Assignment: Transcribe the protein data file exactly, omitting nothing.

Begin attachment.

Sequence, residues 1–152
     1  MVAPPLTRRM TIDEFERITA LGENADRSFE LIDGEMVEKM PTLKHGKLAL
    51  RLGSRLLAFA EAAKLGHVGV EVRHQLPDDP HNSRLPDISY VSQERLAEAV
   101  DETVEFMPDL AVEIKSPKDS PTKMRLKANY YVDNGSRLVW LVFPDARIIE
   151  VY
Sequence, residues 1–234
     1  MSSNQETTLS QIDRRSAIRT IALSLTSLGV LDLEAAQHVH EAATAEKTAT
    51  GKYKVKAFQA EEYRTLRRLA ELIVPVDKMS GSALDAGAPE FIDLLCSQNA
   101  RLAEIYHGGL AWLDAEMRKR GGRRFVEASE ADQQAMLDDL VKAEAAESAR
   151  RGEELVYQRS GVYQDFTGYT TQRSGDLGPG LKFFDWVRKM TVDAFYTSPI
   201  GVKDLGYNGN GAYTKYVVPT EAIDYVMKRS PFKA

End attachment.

Sequence, residues 1–152
     1  MVAPPLTRRM TIDEFERITA LGENADRSFE LIDGEMVEKM PTLKHGKLAL
    51  RLGSRLLAFA EAAKLGHVGV EVRHQLPDDP HNSRLPDISY VSQERLAEAV
   101  DETVEFMPDL AVEIKSPKDS PTKMRLKANY YVDNGSRLVW LVFPDARIIE
   151  VY
Sequence, residues 1–234
     1  MSSNQETTLS QIDRRSAIRT IALSLTSLGV LDLEAAQHVH EAATAEKTAT
    51  GKYKVKAFQA EEYRTLRRLA ELIVPVDKMS GSALDAGAPE FIDLLCSQNA
   101  RLAEIYHGGL AWLDAEMRKR GGRRFVEASE ADQQAMLDDL VKAEAAESAR
   151  RGEELVYQRS GVYQDFTGYT TQRSGDLGPG LKFFDWVRKM TVDAFYTSPI
   201  GVKDLGYNGN GAYTKYVVPT EAIDYVMKRS PFKA